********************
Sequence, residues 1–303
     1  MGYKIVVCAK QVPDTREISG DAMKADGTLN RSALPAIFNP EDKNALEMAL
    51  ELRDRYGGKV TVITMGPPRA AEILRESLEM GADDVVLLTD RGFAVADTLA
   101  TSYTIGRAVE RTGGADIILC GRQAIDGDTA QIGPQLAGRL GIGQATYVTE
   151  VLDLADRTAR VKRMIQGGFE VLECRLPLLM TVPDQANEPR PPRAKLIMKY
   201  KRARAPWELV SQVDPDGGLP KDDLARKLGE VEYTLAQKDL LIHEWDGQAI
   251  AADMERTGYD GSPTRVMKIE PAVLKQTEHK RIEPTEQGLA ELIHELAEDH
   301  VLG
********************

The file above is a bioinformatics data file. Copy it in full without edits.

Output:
Sequence, residues 1–303
     1  MGYKIVVCAK QVPDTREISG DAMKADGTLN RSALPAIFNP EDKNALEMAL
    51  ELRDRYGGKV TVITMGPPRA AEILRESLEM GADDVVLLTD RGFAVADTLA
   101  TSYTIGRAVE RTGGADIILC GRQAIDGDTA QIGPQLAGRL GIGQATYVTE
   151  VLDLADRTAR VKRMIQGGFE VLECRLPLLM TVPDQANEPR PPRAKLIMKY
   201  KRARAPWELV SQVDPDGGLP KDDLARKLGE VEYTLAQKDL LIHEWDGQAI
   251  AADMERTGYD GSPTRVMKIE PAVLKQTEHK RIEPTEQGLA ELIHELAEDH
   301  VLG